At Castles Unlimited, we’re always on the hunt for the latest eco-friendly home advancements– after all, what’s more important than respecting our planet while saving our customers money? New England and cutting-edge technology go together like Tom Brady and Super Bowl championships, so as you can imagine, we were thrilled, yet, hardly surprised to learn that Harvard researchers have just now completed their first “zero-energy” retrofit of a pre-war Cambridge home.
The building, known as “HouseZero” is now being utilized as the headquarters of the Harvard Center for Green Buildings and Cities. Researchers are studying the meticulously designed building with a hope to uncover lessons for making housing more efficient throughout the Greater Boston Area, and eventually the entire country.
Now operational, the once unassuming pre-war has been engineered to generate more energy over its lifetime than was used to renovate it– it will use nearly no energy for heating and cooling, no electric lighting during the day, and 100 percent natural ventilation. It was renovated using zero carbon emission building materials. There are solar panels on the roof, insulation has been improved and its timber frame thickened, windows have been added and enlarged, and skylights have been a welcome addition.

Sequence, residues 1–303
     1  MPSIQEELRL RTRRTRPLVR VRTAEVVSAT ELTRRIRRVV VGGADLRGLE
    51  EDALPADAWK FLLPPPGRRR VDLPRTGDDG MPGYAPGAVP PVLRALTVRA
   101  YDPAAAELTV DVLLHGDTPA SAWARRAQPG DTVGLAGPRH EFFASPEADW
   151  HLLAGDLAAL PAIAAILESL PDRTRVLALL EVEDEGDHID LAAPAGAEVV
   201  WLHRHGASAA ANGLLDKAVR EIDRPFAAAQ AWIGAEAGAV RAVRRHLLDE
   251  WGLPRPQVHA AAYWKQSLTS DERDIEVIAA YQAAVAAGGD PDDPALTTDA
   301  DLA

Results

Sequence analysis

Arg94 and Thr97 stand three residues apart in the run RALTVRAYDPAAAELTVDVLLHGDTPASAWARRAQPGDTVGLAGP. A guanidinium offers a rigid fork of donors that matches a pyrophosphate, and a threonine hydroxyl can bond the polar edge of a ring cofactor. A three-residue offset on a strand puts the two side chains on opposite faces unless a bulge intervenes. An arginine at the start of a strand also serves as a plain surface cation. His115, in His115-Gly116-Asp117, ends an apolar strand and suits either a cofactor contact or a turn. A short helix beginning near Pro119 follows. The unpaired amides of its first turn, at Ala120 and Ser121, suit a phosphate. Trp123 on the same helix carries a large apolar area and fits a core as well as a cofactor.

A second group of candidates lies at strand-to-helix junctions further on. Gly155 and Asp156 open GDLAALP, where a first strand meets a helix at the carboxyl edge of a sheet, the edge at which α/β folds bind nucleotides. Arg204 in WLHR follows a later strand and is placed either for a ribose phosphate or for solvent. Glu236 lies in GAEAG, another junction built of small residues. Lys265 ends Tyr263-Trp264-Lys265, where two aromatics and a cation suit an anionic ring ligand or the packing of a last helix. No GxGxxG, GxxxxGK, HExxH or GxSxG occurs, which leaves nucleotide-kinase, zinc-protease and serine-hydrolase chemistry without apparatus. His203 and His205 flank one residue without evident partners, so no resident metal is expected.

It doesn’t stop there– while researchers have taken full advantage of natural elements in order to make this home coexist with its environment rather than withstand it, high-tech innovations are abundant. Consider the “window actuation system,” that relies upon software and room sensors to automatically open and shut windows as the outside temperature changes– powered by a solar vent in the basement.
For context, in the United States, buildings contribute to over 40 percent of the country’s energy consumption, with housing accounting for over 10 percent. Utilities such as heating, cooling, and lighting alone cost homeowners upwards of $230 billion annually in our 113.6 million homes. With that kind of money, we could retrofit quite a few homes.
In the off chance that weather gets too extreme for the home’s systems, they have instituted a ground-source heat pump that pushes naturally heated or cooler water through the floor slabs of the home– indeed, every element of the home’s interior environment is decided through data-driven processes. Drawing on data from throughout the home, HouseZero will serve as a “living laboratory” that researchers can control, adapt, and learn from. Hopefully, their goals will be realized, and a practical blueprint of cost-effective green retrofits will prove applicable on a significant scale.